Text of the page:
bellies to produce bacon, added to gains in pork processing profitability.
The merger of Smithfield Packing Company and Gwaltney, now operating as Smithfield, has streamlined the organiza-
tion and presented a consistent face to the customer. Coordination of production and manufacturing, logistics, and
distribution activities has resulted in improved utilization of capital resources and created efficiencies. The new
Smithfield continues to maintain and improve its high quality products and outstanding customer service through
this consolidated effort. Commitment to quality and service has formed the basis for continued growth of both the
Smithfield and Gwaltney product lines and brands.
ENJOYING HIGHER VOLUME AND MARGINS ACROSS OUR BUSINESSES
New genetics at Smithfield Packing yielded a new branded fresh pork product that went into distribution in both the
foodservice and retail sectors with great success. The expansion of the flavored and marinated lines at Smithfield
produced impressive volume growth year-over-year. Gwaltney emerged as the number-one bacon brand in the
Northeast and the third-largest bacon brand nationally, primarily attributable to marketing and promotional
efforts, as well as deeper product line penetration at the retail level.
John Morrell experienced volume and margin gains in smoked meats, including sausages and hot dogs. The introduction
of branded Extreme Grillers hot dogs contributed to growth in this category. Curly’s expanded both foodservice and
retail efforts and embarked upon a strategic plan to balance its distribution channels, currently sharply skewed
Patrick Cudahy recorded double-digit growth in several product categories, including bacon, dry sausage, and
luncheon meats. Its ethnic La Abuelita and Pavoné lines posted impressive double-digit growth as well, due to
intensive grassroots marketing efforts. Patrick Cudahy expanded its employee base by over 10 percent, adding
almost 90 employees to its Sioux Center facility as part of its expansion plan. Quik-to-Fix, the company’s
precooked entrée business, dramatically improved results with volume growth of over 50 percent.
The company’s acquisition in October of Farmland Foods, with annual sales of $1.6 billion, demonstrated Smithfield’s
long-term strategy of growth through value-priced acquisitions. Farmland has achieved exceptional results,
capitalizing on synergies that have significantly contributed to profitability. Farmland’s stable of branded,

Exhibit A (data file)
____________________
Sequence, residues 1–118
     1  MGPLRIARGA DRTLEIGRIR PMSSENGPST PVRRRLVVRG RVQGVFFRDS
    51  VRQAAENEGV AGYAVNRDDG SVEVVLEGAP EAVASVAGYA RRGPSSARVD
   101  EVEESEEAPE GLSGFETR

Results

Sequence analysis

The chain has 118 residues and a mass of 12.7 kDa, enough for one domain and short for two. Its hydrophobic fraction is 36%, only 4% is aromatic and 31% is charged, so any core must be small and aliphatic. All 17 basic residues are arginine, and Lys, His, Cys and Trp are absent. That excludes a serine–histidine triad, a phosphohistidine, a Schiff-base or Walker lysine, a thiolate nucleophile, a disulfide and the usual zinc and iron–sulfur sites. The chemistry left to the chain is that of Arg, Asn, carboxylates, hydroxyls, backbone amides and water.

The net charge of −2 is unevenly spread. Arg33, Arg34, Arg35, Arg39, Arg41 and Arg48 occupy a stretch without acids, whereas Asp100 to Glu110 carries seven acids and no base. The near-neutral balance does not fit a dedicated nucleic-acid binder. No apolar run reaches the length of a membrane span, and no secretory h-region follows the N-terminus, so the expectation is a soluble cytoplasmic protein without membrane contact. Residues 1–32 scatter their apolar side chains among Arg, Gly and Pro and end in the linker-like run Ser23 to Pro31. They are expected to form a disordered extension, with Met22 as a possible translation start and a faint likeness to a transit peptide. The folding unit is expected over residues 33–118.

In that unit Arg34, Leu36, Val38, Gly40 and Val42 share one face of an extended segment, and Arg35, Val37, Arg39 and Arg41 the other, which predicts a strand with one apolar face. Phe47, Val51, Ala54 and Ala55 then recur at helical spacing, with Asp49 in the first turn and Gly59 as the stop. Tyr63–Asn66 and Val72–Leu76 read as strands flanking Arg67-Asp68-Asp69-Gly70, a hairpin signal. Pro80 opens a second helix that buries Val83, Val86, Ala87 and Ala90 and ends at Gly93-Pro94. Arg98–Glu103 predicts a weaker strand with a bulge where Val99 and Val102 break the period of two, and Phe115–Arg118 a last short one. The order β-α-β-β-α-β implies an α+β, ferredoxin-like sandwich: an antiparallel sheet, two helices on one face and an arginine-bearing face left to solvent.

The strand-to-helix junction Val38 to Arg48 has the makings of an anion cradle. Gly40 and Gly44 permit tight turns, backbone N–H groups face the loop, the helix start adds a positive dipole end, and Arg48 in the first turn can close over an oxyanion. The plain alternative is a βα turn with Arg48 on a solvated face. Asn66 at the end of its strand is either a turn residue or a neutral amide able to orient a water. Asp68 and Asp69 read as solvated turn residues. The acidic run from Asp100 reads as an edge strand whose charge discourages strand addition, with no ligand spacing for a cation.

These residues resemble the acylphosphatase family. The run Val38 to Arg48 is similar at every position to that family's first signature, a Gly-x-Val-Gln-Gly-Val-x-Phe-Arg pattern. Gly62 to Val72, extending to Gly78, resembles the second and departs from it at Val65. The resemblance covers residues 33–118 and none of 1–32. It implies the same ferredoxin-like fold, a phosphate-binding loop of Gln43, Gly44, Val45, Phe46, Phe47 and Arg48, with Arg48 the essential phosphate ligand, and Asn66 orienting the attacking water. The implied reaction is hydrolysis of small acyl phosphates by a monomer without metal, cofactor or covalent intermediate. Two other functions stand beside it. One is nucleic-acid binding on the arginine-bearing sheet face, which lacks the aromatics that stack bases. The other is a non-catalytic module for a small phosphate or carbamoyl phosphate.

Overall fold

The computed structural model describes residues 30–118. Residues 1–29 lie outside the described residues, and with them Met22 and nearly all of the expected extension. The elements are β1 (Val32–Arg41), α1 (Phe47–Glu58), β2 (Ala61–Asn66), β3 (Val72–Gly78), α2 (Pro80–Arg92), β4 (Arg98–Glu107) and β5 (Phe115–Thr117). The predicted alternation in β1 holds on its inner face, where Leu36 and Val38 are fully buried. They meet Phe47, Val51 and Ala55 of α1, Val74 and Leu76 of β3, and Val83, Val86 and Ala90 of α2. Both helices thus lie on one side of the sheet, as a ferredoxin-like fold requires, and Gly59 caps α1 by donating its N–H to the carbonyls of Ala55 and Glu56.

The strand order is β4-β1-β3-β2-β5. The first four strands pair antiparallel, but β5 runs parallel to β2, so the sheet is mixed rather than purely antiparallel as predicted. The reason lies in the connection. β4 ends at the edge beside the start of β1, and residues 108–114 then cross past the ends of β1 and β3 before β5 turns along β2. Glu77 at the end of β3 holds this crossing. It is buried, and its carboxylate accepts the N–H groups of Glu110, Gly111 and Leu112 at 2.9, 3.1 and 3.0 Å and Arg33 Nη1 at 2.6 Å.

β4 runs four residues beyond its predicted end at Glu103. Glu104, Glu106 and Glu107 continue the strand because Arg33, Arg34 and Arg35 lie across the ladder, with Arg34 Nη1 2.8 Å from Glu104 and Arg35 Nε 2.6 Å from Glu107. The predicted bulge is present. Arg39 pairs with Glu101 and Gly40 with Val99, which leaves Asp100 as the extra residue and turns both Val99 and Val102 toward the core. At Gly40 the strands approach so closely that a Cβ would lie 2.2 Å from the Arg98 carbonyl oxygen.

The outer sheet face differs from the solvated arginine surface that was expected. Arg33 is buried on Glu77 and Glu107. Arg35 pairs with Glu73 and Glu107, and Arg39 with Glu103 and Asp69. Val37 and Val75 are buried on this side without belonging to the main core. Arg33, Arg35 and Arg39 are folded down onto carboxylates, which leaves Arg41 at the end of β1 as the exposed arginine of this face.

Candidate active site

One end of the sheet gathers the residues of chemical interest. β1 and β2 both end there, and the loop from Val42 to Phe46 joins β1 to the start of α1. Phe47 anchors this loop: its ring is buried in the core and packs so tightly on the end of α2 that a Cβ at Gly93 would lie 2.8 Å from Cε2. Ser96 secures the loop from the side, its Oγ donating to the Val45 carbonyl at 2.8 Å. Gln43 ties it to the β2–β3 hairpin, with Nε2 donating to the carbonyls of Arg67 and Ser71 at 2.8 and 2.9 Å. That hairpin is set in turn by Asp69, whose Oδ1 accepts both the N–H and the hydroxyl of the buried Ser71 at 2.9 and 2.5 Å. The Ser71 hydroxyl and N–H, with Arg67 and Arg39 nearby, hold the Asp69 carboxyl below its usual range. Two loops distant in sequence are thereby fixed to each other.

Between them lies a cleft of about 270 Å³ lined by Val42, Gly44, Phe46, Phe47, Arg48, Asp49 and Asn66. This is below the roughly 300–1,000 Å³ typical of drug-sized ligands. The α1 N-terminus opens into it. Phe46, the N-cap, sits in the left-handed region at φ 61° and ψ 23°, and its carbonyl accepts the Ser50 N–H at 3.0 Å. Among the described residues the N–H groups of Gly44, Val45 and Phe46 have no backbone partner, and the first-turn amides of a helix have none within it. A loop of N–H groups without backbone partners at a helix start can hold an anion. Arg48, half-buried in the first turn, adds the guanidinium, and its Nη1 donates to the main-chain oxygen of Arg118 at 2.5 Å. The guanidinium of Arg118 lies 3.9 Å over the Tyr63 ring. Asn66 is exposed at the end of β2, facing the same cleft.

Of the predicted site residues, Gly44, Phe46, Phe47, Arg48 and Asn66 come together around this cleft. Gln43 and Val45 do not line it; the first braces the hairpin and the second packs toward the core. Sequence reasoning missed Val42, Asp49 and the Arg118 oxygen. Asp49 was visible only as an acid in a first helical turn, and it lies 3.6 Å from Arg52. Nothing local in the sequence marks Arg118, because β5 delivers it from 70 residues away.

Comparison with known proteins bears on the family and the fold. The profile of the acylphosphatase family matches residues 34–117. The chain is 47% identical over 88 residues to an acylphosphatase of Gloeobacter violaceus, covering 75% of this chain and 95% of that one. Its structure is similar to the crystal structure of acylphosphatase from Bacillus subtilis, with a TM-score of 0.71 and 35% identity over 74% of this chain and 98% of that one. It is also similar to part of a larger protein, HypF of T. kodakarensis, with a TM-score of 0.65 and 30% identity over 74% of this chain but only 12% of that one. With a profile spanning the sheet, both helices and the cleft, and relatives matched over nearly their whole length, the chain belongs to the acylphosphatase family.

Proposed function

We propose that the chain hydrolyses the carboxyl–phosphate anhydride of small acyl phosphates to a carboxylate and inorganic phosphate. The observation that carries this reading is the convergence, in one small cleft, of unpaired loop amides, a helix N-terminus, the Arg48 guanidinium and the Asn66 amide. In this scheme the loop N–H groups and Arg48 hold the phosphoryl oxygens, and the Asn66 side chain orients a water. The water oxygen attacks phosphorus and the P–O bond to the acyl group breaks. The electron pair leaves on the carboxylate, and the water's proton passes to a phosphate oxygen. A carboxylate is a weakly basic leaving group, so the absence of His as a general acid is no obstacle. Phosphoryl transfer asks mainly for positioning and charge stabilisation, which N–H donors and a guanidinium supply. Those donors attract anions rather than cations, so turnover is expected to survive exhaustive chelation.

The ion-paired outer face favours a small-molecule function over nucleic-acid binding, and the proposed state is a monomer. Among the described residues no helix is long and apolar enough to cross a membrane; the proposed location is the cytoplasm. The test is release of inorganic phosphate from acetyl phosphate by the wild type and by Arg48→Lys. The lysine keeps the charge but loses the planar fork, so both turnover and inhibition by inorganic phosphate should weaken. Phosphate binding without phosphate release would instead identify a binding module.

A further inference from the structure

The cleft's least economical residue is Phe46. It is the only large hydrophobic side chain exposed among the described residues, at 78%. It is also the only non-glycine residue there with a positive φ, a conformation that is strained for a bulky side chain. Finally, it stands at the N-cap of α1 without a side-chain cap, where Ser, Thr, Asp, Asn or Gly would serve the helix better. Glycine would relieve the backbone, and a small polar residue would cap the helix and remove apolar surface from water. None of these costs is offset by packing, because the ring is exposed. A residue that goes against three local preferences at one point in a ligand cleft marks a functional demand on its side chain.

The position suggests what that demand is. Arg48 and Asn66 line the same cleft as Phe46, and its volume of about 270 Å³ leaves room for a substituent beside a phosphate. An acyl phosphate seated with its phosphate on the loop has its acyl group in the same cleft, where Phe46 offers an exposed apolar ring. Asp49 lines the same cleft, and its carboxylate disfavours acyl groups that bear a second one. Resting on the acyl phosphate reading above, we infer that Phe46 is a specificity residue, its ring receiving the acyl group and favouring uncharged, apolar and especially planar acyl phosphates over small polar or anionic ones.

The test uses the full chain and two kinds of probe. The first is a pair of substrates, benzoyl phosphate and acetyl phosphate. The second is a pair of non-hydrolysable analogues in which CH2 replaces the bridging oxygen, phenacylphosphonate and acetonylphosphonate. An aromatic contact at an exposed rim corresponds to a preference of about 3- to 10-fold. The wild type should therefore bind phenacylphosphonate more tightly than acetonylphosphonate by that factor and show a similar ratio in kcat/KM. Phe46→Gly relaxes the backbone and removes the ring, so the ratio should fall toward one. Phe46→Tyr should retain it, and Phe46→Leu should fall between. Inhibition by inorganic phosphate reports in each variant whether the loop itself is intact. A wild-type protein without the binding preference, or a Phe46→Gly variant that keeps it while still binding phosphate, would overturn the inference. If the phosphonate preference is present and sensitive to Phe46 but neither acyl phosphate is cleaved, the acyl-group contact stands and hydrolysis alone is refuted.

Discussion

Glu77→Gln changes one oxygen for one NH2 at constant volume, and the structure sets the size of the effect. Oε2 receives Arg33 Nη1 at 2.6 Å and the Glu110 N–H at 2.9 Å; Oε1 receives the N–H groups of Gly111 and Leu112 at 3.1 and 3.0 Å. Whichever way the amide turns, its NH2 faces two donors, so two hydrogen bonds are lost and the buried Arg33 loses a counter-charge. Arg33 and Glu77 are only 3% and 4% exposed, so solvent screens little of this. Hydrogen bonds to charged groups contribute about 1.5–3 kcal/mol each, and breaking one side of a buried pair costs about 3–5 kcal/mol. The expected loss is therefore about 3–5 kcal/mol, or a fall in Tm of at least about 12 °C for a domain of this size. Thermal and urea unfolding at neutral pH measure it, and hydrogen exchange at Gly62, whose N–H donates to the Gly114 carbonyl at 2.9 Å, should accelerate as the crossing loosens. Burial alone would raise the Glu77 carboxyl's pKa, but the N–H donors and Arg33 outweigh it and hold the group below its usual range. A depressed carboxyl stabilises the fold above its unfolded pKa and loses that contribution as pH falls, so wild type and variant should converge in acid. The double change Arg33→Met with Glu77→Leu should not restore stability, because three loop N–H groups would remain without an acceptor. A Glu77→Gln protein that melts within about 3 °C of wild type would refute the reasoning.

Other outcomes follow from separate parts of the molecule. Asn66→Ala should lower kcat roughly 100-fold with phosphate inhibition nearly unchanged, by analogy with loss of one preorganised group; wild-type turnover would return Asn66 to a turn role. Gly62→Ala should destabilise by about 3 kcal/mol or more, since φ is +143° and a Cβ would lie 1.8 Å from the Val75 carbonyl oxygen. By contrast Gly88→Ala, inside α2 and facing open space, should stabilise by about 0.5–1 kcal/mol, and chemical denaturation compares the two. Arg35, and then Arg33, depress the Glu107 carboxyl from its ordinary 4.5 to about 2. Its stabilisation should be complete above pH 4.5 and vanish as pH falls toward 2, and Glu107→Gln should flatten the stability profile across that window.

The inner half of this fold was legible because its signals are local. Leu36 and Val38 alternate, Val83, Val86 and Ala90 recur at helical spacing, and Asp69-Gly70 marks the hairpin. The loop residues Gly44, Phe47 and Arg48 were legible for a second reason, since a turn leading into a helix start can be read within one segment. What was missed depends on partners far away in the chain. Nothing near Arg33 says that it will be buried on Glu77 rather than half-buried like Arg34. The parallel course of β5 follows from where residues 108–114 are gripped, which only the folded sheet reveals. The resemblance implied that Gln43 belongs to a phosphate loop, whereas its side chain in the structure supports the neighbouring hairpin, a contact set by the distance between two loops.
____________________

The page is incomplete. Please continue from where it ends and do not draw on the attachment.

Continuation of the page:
value-added, and further processed pork products, combined with the launch of new and innovative products,
(6) smithﬁeld foods, inc. annual report 2004
who we are
PROCESSED MEATS SALES BY MAJOR PRODUCT CATEGORY
SALES BY CHANNEL
Ret a i l
i a l a nd Othe r
Fo o d
3% External Hog Production
Fre s h
P or k
superior value creation through acquisitions
12/31/1979 12/31/1989 12/31/1999 04/30/2004
DOMESTIC INTERNATIONAL VERTICAL INTEGRATION
1981 1998 1999
Gwaltney of Smithfield, Ltd. Schneider Corp. (Canada) Carroll’s Foods, Inc.
1984 1998 2000
Patrick Cudahy SBS (France) Murphy Farms, Inc.
1995 1999 2002
John Morrell & Co. Animex (Poland) Vall, Inc.
1996 1999 2003
Lykes Meat Group SFGP (France) Alliance Farms
North Side Foods Corp. Norson (Mexico JV)
Quik-to-Fix Foods Mitchell’s Gourmet Foods
Moyer Packing Co. (Canada)
Packerland Holdings AFG (China JV)
Stefano Foods Campofrío (Spain)
Cumberland Gap acquired 15% stake
Farmland Foods Smithfield Foods Ltd. (UK)
Share price reflects five 2-for-1 stock splits.
have brought value far beyond Smithfield’s original expectations. Farmland has been able to maximize profitability
by reaping the benefits of its talented management team, efficient plants, and strong brands.
Processed meats product capabilities at North Side Foods contributed to volume growth in the sausage and meatball
segments and resulted in expanded capacity for a new precooked meatball product. RMH Foods increased volume
by more than 40 percent year-over-year, driven by demand for precooked private label entrées for leading
supermarket chains. The Smithfield Deli Group enhanced representation in the retail deli case, capitalizing on
significant opportunities with top retailers and growing at twice the industry rate. Smithfield Deli Group continued
to respond to demand for precooked foods and private label business, while creating innovative concepts and
products to build long-term customer growth and a focused brand. Overall foodservice volume improved by more
than nine percent in fiscal 2004, also well over twice as fast as the industry. This rapid growth is attributable to
Smithfield’s ongoing coordinated foodservice strategy, which has resulted in multi-protein opportunities.
POSTING SOLID GAINS IN OUR BEEF, INTERNATIONAL, AND HOG PRODUCTION OPERATIONS
Beef operations provided record results in fiscal 2004, despite the discovery of a case of BSE in the United States
in December and the subsequent ban on the importation of beef from the U.S. by most foreign countries. The
loss of sales of variety meats to Southeast Asia and other foreign markets resulted in significant losses on a
per-head basis. Low operating rates year-over-year due to the lack of available market cattle created operating
inefficiencies in the second half. However, strong operating margins experienced in the first half of the year,
driven by exceptional consumer demand, returned near the end of the fiscal year. The company’s turkey
operations experienced substantial earnings growth due to considerably improved industry conditions.
In the international arena, Smithfield sold Schneider Corporation to Maple Leaf Foods Inc. In Poland, Animex reported
improved profitability. Acknowledging the growing importance of export markets, Animex expanded its sales
network abroad as Poland entered the European Union in May. Animex also continued to develop the Krakus
brand. In the company’s Mexican joint venture, new management more than tripled sales to retail customers